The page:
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Key Features

Essentials of Diagnosis

  • Usually insidious onset with morning stiffness and joint pain

  • Symmetric polyarthritis with predilection for small joints of the hands and feet; deformities common with progressive disease

  • Radiographic findings

    • Juxta-articular osteoporosis

    • Joint erosions

    • Joint space narrowing

  • Rheumatoid factor and antibodies to cyclic citrullinated peptides (anti-CCP) are present in 70–80%

  • Extra-articular manifestations

General Considerations

  • Cause is unknown

  • Multiple genes contribute to susceptibility; best characterized genetic risk factor is inheritance of HLA DRB1 alleles encoding a distinctive five-amino-acid sequence known as the "shared epitope"

  • The pathologic findings in the joint include

    • Chronic synovitis with formation of a pannus, which erodes cartilage, bone, ligaments, and tendons

    • Effusion and other manifestations of inflammation are common

  • In the late stage, organization may result in fibrous ankylosis; true bony ankylosis is rare

Demographics

  • Prevalence is 1%

  • More common in women than men (female:male ratio of 3:1)

  • Can begin at any age, but the peak onset is in the fourth or fifth decade for women and the sixth to eighth decades for men

Clinical Findings

Symptoms and Signs

  • Joint symptoms

    • Onset of articular signs of inflammation is usually insidious, with prodromal symptoms of vague periarticular pain or stiffness

    • Symmetric swelling of multiple joints with tenderness and pain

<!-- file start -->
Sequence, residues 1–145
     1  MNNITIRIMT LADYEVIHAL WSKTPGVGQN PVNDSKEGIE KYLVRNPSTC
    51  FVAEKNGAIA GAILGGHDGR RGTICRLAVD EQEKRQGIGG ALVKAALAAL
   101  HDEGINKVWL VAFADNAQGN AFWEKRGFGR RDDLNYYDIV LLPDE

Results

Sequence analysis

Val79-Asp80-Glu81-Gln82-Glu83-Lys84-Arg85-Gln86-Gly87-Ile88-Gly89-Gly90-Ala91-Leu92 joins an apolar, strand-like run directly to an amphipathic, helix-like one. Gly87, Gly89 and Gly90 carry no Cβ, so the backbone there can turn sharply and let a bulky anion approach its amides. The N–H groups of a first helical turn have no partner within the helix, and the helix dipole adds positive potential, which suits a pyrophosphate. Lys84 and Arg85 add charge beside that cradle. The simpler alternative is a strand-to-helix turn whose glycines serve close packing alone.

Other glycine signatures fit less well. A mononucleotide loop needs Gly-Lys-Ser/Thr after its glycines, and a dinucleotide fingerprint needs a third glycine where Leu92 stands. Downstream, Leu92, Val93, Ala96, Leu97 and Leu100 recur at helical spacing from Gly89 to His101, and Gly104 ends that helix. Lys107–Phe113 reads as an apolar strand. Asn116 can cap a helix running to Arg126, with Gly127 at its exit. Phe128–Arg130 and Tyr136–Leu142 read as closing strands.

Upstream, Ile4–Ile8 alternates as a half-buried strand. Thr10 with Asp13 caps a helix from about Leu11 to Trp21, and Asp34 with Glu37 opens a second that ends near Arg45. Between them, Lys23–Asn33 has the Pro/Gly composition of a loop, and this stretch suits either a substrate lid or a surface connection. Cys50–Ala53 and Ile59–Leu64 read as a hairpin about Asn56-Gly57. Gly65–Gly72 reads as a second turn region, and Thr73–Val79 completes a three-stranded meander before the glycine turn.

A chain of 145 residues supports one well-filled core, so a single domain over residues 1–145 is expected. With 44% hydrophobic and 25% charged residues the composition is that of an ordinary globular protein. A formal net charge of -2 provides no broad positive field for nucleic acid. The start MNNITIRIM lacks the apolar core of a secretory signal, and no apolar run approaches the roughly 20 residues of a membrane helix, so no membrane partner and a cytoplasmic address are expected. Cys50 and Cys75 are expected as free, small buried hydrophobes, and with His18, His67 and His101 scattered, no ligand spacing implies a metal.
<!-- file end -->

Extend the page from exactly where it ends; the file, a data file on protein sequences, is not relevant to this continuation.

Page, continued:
• Monarticular disease is occasionally seen initially

    • Stiffness

      • Prominent in the morning

      • Persists for > 30 minutes (and usually many hours)

      • May recur after daytime inactivity and be much more severe after strenuous activity

    • Distribution of affected joints

      • PIP joints of the fingers, MCP joints, wrists, knees, ankles, and MTP joints are most often involved

      • However, any diarthrodial joint may be affected

    • Synovial cysts and rupture of tendons may occur

    • Entrapment syndromes are common, particularly of the median nerve at the carpal tunnel of the wrist

    • Can affect the neck but spares other components of the spine and does not involve the sacroiliac joints

      • In advanced disease, atlantoaxial (C1–C2) subluxation can lead to myelopathy

  • Rheumatoid nodules

    • Seen in 20% of patients

    • Most commonly situated over bony prominences but also observed in the bursae and tendon sheaths

    • Occasionally seen in the lungs, the sclerae, and other tissues

    • Correlate with the presence of rheumatoid factor in serum ("seropositivity"), as do most other extra-articular manifestations

  • Ocular symptoms

    • Episcleritis

    • Scleritis

    • Scleromalacia due to scleral nodules

    • Peripheral ulcerative keratitis

    • Dryness of the eyes, mouth, and other mucous membranes, especially in advanced disease

  • Other symptoms

    • Interstitial lung disease is not uncommon; manifests clinically as cough and progressive dyspnea

    • Pericarditis and pleural disease, when present, are usually silent clinically

    • Palmar erythema seen in patients with active joint disease

    • Occasionally, a small vessel vasculitis develops and manifests as tiny hemorrhagic infarcts in the nail folds or finger pulps

    • Necrotizing arteritis is a rare occurrence

    • Felty syndrome seen in small subset of patients

Differential Diagnosis

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